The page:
Ancient Beers Return
           
This month column was written by Bob's friend

                                 
         Karl Mendal

Like scientists set on reviving extinct species, todays craft brewers are
possessed by a certain madness. They are re-creating steinbiers
scalded with hot stones and ancient Scottish ales brewed with herbs.
They are making modern interpretations of George Washington and
Benjamin Franklins personal recipes. Researchers have even analyzed a
19th-century beer from a Baltic Sea shipwreck so that it, too, may be
brewed once again.

Then there are what might be the best-known historic beers: the
widely available Ancient Ales from the US Dogfish Head Craft Brewery,
including the Midas Touch, based on ingredients found in the
2,700-year-old tomb believed to have belonged to King Midas; and
Theobroma, inspired by chemical analysis of a Central American
fermented chocolate drink from 1200 B.C. Dogfish Head has just
released its next installment, the ancient-Egyptian-style Ta Henket.

Of course, re-creations of historic beers are as old as the craft beer
movement itself. Many of Americas best-loved styles, such as saisons,
hefeweizens and imperial stouts, were once on the brink of
disappearing, and many were saved by breweries that championed
them. During the 1970s and 80s, for example, San Franciscos Anchor
Brewing revived interest in not only California steam beers but also
chocolate- and coffee-flavored porters, which brewers had largely cast
aside.

Nowadays, ever-more-obscure styles are reappearing with increasing
frequency, from Polish smoked-wheat beers to the English strong ales
known as Burtons. Among the more prominent examples: the ancient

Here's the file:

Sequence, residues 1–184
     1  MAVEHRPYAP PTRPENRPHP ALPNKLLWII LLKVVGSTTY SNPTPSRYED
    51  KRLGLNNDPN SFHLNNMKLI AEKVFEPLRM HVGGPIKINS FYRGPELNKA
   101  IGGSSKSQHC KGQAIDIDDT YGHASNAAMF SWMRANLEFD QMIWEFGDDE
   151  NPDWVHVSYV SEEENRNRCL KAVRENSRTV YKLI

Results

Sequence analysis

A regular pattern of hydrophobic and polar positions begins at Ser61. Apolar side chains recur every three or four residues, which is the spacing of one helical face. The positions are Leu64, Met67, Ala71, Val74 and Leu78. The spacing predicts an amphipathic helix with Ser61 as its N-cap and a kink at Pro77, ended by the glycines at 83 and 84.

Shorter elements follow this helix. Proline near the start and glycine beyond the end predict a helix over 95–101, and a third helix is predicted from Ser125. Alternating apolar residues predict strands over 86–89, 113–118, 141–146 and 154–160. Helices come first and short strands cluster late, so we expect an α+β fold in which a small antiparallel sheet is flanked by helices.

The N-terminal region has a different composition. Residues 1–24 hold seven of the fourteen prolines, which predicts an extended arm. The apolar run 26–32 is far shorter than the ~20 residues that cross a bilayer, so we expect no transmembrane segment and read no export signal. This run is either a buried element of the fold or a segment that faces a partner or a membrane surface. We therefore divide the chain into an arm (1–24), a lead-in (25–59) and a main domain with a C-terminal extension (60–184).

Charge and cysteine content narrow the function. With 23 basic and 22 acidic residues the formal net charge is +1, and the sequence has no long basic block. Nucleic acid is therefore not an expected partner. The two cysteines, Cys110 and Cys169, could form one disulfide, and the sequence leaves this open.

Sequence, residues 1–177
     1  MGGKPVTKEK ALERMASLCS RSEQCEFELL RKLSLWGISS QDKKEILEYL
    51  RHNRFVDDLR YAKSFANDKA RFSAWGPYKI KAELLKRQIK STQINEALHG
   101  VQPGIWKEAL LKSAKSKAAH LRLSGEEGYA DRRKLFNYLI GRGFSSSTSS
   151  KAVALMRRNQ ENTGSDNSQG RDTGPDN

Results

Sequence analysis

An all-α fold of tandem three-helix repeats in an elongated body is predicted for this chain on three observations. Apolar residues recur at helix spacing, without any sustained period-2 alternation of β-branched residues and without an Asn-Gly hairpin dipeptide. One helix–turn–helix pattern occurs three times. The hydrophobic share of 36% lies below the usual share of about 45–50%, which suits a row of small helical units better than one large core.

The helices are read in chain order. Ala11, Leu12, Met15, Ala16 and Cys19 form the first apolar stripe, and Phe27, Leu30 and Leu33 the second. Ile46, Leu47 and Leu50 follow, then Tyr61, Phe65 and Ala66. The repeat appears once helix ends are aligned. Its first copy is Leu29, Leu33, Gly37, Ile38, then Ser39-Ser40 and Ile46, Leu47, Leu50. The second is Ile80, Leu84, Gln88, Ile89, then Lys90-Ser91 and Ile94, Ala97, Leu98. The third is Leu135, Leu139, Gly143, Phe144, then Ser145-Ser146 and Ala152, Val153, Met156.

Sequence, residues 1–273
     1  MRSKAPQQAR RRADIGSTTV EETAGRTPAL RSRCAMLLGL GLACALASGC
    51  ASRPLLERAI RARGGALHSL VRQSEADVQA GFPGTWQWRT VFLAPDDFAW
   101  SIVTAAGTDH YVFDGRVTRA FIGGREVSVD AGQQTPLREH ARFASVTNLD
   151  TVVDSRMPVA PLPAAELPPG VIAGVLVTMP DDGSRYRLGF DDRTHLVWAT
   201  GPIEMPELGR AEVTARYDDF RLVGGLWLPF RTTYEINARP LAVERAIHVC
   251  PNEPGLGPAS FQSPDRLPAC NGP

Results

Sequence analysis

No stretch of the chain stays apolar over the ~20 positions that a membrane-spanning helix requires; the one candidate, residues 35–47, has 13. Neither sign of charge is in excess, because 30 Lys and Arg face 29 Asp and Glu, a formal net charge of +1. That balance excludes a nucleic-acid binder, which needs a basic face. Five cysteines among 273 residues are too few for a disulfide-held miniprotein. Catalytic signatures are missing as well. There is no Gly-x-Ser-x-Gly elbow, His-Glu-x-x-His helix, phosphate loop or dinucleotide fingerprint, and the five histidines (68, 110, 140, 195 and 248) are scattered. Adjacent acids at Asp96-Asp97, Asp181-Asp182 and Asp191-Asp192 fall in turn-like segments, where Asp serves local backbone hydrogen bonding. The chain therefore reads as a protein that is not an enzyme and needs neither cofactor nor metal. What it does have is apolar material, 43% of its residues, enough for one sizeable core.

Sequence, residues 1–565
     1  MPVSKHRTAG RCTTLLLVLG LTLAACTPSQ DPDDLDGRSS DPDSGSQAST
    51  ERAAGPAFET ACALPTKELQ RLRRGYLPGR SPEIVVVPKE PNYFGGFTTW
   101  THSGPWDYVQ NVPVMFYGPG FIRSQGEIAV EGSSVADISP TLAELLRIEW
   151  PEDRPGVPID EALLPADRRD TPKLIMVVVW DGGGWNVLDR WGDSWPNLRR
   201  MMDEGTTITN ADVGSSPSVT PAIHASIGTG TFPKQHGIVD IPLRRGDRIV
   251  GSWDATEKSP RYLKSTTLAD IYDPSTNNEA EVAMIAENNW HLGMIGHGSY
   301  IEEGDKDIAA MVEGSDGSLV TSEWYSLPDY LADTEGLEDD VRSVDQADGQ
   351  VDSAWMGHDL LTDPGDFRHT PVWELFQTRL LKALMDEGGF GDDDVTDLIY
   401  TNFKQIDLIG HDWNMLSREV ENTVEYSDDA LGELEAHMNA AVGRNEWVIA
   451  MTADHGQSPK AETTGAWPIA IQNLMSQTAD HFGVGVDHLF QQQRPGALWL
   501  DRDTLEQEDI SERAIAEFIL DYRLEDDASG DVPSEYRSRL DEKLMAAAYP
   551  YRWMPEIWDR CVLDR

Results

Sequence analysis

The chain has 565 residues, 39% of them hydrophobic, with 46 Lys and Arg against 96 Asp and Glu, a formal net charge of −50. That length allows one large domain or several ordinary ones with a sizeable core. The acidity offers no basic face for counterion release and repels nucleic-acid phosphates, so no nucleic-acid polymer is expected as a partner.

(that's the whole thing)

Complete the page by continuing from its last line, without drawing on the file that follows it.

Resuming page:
Scottish beers resurrected by the Scotland-based Williams Brothers
Brewing; the Ales of the Revolution series from Philadelphia's Yards
Brewing, including Thomas Jefferson's Tavern Ale and Poor Richards
Tavern Spruce Ale.

The obscurity of the beers hasn't dulled the drama of the
phenomenon. Brewers now probe history books for beers in need of
rescuing and crisscross the globe to research forgotten recipes. That
might sound like overstatement, if not for one key detail: Beer
re-creations have proved to be great fodder for reality TV.

Dogfish Heads quest to make Ta Henket, for example, was portrayed
last December in an episode of the Discovery Channel show Brew
Masters. Also on Discovery Channel, the special How Beer Saved the
World depicted the replication by Atlanta's SweetWater Brewing of an
ancient Nubian brewing technique. History Channel countered with its
own History on Tap, in which home-brewers were given the task of
re-creating beers in the style of those brewed by colonial Americas
Pilgrims.

The story is critical because its what differentiates a beer from any
other beer.  Just because you hear of some creepy group of
Norwegians that 300 years ago put the blood of virgins into beer
doesn't mean you should replicate it. You have to have a story, but
can you have a story and also make a world-class beer?

The answer appears to be yes.  Two great examples are De Molens
SSS triple stout, a re-creation of a version of the extinct style brewed
in London on July 8, 1914 (tastes like thick coffee with notes of
caramel and whiskey) and Norwegian Wood, from Norway's
HaandBryggeriet with an understated smokiness and hints of spice
meant to recall the country's wood-smoke-scented farmhouse ales,
which died out in the 1800s.

In a way that other drinks often don't, these types of beers explicitly
convey the distinctive tastes of distinctive pasts. It's a living history
lesson that beats any textbook.

I'd like to thank Bob for allowing me to write this month's column and
also for inspiring me to learn about beer.  It's become a great hobby
filled with passion and fun.
BeerNexus proudly presents

Bob Montemurro
"the ombudsman of beer"

Bob and Friends Speak of Beer......
Cheers!
My thanks to Karl for this month's column.
See you next time to
"speak about beer".
Bob Montemurro
Read more by
Bob and Friends
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